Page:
Day Six

January 15, 2014 @ 10:30 am. 
Today marks the the sixth day of the chemical disaster in the Charleston area. The “blue” area on this map shows the places where it’s supposedly “safe” to drink the water now. Our water situation is still far from being solved. I will spend this afternoon flushing out the water pipes at my fathers home. My Dad is 93 years old and lives by himself in a small town about 15 miles from me. 
The newspaper this morning (click on link) says there’s still 200,000 people without potable water.  
I think of radio often and how it could have been an important part of daily life should this situation have drawn out longer for us. In my younger days, before my back deteriorated, I hiked and camped extensively in the mountains. I always took along a VHF handi-talkie and a “roll up” J-pole antenna made out of twin lead television cable. There’s been many times when, out on the trail, the radio was my only link to the outside world. 
I’m not sure VHF “packet” is still used by many hams today, but when I hiked by myself, I used a Kantronics TNC and a small hand held PDA (personal data assistant) to communicate all over the world. I even dropped a letter in the mailbox of the Russian MIR space station as it passed over the state. I was sitting around a campfire just north of Charleston. 
That technology is still there, to fall back upon, should basic communications have been needed in our current water crisis.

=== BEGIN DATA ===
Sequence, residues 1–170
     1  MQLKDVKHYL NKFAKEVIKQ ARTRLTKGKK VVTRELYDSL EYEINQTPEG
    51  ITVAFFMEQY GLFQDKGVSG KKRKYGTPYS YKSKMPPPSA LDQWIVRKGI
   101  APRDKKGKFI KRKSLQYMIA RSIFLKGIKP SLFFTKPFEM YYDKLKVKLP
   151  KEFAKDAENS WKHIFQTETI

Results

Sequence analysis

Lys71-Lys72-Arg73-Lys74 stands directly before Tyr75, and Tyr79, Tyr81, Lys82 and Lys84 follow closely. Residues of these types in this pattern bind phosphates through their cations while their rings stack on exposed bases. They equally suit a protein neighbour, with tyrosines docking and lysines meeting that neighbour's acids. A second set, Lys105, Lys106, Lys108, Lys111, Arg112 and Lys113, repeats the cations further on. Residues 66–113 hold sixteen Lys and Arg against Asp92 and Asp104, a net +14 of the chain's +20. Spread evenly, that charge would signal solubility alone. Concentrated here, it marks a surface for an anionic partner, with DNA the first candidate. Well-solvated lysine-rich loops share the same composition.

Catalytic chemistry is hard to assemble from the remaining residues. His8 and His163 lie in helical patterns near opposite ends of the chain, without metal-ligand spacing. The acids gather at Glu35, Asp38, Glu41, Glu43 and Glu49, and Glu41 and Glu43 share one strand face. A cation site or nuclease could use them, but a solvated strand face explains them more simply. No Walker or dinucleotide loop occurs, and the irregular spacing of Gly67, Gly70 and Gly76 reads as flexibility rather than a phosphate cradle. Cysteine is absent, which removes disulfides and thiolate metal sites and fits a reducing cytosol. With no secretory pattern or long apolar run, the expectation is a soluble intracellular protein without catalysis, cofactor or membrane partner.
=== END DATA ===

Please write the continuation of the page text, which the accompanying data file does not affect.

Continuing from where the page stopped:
I’m using several different internet modes currently. In addition to my posts on this blog, my entries also appear on “Amateur Radio.Com”. There’s a link on the right side of my QRP radio blog: N8ZYA’s QRP Radio Blog  Several hams have left their concerns about the water situation on this link. 
I appreciate them all but it’s difficult to respond to everyone. I’m also using “Google +” for cross posting my blog entries. I like it very much and may change permanently to that format in the future. I especially like the comments from those who have made the decision to live “off the grid”. 
Hopefully my future postings, once this potable water situation had calmed down, will again focus more on the ham radio hobby. I’ve missed chasing DX recently. 
John Smithson, Jr., N8ZYA, is a regular contributor to AmateurRadio.com and writes from West Virginia, USA. Contact him at [email protected].

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